Wave Hill striker’s camp in the bed of the Victoria River, 1966

“We, the leaders of the Gurindji people, write to you about our earnest desire to regain tenure of our tribal lands in the Wave Hill-Limbunya area of the Northern Territory, of which we were dispossessed in time past.”

On this Day in April 1967, the Gurindji stockmen and their families, frustrated at the lack of progress with their call that a small parcel of their traditional lands be returned to them, petitioned the Australian Governor-General Lord Casey.

The Gurindji had walked off the Wave Hill Station, a massive pastoral lease operated by the notorious Vesteys family, nine months earlier, in August 1966.

The January 1977 edition of Land Rights News, published by the Northern Land Council, recorded the anniversary of the petition in the following terms.

On 19 April 1967 the Governor-General of Australia, Lord Casey, received a petition from the Gurindji people asking that he assist them to regain tenure of their tribal lands of which they were dispossessed in time past, and for which they received no recompense.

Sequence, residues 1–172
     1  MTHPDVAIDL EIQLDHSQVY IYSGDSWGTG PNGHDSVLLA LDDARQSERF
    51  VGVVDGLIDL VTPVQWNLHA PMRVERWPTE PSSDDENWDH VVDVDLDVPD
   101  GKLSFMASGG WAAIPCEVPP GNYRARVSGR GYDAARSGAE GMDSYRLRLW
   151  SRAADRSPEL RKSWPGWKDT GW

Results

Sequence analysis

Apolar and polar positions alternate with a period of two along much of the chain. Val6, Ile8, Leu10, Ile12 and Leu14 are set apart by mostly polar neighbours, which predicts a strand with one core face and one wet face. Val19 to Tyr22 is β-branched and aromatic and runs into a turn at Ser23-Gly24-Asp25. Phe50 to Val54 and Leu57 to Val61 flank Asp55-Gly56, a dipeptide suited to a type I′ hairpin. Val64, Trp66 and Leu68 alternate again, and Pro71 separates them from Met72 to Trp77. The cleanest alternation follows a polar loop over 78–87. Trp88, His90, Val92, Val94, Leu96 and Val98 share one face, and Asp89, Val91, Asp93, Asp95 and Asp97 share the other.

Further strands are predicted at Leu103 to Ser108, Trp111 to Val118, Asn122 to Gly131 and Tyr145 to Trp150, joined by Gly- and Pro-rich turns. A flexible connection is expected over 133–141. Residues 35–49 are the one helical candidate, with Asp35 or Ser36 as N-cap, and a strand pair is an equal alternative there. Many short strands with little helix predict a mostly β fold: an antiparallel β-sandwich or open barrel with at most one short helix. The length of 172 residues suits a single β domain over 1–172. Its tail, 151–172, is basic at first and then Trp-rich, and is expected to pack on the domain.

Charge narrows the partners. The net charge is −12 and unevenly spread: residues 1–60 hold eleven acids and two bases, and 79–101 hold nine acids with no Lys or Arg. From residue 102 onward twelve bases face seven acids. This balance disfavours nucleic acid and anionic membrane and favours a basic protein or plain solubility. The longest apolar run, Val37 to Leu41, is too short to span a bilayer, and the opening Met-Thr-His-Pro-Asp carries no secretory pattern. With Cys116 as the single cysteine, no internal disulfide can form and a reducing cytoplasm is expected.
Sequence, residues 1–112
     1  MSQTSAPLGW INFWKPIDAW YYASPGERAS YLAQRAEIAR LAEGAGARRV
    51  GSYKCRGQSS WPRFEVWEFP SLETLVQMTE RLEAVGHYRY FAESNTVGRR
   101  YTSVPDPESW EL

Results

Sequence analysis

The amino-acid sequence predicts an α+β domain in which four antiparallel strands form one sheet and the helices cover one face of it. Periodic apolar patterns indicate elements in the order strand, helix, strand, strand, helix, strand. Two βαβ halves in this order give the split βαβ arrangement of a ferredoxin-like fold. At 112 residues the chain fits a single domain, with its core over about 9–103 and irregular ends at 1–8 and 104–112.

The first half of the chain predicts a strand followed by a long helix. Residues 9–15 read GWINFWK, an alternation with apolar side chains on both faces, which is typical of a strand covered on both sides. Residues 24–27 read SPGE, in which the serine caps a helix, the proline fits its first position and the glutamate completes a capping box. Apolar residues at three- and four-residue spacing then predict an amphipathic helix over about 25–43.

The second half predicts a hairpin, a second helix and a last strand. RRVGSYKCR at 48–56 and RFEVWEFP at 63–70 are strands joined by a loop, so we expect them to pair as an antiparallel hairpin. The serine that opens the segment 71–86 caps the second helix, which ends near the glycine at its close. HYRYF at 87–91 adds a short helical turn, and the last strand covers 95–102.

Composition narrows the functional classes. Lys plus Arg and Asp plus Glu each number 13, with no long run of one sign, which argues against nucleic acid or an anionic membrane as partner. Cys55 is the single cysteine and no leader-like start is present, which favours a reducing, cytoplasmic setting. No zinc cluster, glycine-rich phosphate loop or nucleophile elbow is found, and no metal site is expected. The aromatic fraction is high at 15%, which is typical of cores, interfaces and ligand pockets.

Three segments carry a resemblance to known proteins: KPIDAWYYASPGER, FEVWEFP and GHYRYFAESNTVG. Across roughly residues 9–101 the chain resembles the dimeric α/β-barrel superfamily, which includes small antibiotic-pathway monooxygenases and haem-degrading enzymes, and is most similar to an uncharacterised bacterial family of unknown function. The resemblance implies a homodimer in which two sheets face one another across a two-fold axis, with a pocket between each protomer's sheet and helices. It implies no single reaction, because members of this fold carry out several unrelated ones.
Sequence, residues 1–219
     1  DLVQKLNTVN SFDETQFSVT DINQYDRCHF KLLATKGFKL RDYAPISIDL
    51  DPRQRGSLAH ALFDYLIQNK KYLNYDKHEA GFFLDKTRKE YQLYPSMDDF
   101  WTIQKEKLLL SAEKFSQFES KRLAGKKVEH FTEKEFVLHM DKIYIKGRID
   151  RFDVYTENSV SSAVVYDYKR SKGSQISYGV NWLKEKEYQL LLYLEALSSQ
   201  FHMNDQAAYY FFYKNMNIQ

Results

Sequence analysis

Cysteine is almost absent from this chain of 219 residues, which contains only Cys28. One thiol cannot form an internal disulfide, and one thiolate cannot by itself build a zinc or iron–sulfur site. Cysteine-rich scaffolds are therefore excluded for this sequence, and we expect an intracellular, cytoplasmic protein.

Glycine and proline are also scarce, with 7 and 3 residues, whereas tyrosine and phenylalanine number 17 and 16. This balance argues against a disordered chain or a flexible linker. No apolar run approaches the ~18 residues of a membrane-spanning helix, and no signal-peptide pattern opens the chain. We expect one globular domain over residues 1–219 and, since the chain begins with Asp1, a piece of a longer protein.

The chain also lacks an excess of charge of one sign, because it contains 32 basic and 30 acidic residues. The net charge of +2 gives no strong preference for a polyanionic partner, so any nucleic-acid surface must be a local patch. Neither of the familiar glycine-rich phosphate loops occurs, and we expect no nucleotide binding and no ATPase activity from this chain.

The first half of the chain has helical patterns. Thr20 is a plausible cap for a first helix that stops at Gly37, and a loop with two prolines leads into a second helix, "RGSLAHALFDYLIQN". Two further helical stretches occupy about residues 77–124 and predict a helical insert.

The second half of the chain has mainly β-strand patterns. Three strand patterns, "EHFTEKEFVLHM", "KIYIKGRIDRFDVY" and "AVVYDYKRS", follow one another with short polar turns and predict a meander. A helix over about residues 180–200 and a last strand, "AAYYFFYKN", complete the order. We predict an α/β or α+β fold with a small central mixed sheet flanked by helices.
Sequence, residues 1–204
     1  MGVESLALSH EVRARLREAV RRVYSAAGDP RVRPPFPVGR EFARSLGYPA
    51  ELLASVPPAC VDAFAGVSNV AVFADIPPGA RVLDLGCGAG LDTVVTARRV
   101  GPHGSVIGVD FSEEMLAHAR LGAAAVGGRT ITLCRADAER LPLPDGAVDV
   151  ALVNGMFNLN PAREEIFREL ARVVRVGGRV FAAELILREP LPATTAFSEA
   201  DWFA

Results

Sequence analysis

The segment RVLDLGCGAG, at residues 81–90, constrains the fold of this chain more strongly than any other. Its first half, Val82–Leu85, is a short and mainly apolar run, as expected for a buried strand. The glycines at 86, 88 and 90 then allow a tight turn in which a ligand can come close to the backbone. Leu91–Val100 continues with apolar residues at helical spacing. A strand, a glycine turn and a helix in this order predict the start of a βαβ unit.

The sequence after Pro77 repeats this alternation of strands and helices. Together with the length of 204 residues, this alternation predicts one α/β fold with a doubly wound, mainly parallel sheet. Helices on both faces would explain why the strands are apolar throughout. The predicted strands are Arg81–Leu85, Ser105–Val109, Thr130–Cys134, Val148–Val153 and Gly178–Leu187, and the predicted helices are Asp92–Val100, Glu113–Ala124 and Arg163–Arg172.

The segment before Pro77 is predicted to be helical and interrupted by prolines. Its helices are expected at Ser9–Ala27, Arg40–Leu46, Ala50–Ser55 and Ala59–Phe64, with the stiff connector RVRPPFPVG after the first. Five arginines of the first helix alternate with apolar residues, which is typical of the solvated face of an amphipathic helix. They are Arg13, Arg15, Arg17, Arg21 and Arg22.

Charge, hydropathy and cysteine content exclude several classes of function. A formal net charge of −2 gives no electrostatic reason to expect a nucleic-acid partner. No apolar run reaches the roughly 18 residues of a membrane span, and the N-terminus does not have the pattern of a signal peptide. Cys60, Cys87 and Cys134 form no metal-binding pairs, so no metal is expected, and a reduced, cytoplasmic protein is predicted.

Some segments of the Australian public were quick to respond, but the Government was slow. Unions and students lent support to the long struggle. It was not until 16 August 1975 that negotiations with Vesteys, owners of the Wave Hill lease, were completed, and the lease for the Gurindji tribal land at Wattie Creek was handed to Vincent Lingiari, leader of the Gurindji, by Mr Gough Whitlam, Prime Minister of Australia.

The story of Wattie Creek began in August 1966 when the Gurindji stockmen and their families walked off Wave Hill Station and set up a camp at Wattie Creek, on the Wave Hill lease.

From Land Rights News, A Newsletter for Aboriginals and their Friends. Number 7, January 1977 at page 8. Published by the Northern Land Council.